Pearls of Wisdom
The Loss of Our Personal Mythology
Myth, of all the words in our multilingual dictionaries, this very simple word is perhaps the most misunderstood word that ever existed. The word itself conjures up images, images of stories and ideas that hit us with such force in both the heart and the mind that we can be momentarily stunned, after the sting wears off however we mostly just brush the idea of a myth away as mere fables that were thought up to try and explain life and it many mysterious facets, stories that were not true but try to get some point across, a story that tries to teach us something. There are two definitions of myth that try to explain what exactly it is, the first definition (a traditional story, especially one concerning the early history of a people or explaining some natural or social phenomenon, and typically involving supernatural beings or events) provides us with an understanding of Myth but not really something we can relate to, we find that it’s not human enough, and the second definition confounds us even more, (a widely held but false belief or idea), it subversively tells us that myth is false, not even real, some story that was made up, a story that is held to even though it is false. Many cultures have given us great myths and stories, stories of perseverance, stories of strength, of change, of power and will, stories of mistakes and choices made wisely. I have found in my work as a psychotherapist, that the idea of myth and the power of the myth, the power of that story often elude us, we find that we can’t relate to it. We find that we externalize the qualities and elements of that story as something outside of ourselves, but the fact is, that every myth resides inside of us; all the collective myths of humanity ever told are played out in episodic dramas as though Shakespeare or Ovid penned them themselves.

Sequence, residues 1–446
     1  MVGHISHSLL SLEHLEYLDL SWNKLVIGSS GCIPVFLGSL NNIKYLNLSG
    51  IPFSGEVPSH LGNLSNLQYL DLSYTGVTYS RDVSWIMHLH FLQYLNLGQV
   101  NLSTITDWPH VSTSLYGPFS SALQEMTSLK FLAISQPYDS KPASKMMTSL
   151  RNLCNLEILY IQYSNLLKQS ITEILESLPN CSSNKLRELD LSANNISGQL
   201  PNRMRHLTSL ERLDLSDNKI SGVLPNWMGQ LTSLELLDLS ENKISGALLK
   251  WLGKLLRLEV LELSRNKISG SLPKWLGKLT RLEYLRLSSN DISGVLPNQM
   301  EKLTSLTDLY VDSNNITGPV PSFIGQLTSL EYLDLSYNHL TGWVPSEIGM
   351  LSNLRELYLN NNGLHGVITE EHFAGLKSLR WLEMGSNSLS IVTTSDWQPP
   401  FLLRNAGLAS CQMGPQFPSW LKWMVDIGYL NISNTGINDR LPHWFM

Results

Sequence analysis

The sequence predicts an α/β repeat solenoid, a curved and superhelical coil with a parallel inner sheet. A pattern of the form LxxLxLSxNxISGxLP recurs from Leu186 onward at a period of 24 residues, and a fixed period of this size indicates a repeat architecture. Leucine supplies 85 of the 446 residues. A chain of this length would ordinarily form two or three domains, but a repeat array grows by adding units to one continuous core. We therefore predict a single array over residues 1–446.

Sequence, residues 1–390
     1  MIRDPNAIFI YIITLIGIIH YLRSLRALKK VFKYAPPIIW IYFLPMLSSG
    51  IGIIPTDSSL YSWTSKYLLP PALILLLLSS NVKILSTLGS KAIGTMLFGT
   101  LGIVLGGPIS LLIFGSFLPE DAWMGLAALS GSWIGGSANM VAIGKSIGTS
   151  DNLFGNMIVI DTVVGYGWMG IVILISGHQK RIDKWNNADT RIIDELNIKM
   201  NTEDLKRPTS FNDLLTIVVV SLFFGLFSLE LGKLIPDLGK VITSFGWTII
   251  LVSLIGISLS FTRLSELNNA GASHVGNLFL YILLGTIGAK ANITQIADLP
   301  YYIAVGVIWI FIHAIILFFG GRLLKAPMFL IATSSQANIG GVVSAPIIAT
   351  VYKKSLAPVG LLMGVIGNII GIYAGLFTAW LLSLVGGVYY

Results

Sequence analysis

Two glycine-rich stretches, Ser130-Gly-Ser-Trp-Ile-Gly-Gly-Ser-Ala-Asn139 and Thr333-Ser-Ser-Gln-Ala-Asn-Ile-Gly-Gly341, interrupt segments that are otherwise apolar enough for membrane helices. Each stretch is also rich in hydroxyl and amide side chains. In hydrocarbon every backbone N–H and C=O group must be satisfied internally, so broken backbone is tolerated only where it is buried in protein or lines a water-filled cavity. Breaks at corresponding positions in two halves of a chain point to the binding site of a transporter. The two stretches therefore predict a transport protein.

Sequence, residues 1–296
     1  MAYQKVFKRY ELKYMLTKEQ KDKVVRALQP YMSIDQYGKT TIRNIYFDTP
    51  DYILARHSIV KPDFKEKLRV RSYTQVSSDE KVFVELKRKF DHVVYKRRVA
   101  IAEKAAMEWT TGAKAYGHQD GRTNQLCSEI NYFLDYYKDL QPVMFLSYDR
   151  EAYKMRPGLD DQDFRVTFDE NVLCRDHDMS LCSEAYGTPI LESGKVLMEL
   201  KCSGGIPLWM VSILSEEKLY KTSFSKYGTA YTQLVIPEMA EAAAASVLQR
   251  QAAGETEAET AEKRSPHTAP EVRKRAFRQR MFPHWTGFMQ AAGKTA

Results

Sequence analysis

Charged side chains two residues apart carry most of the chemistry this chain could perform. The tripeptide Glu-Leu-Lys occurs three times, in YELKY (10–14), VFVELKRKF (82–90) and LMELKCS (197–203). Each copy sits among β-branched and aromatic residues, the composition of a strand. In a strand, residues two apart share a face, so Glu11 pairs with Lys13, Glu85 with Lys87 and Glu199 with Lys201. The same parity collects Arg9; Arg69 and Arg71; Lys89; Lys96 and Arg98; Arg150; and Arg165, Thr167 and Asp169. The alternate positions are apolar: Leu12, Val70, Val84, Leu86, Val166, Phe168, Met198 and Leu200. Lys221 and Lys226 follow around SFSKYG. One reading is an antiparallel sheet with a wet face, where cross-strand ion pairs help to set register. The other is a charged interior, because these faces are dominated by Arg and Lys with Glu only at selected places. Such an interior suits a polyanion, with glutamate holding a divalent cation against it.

Nuggets of Dirt
Cory Ian Shafer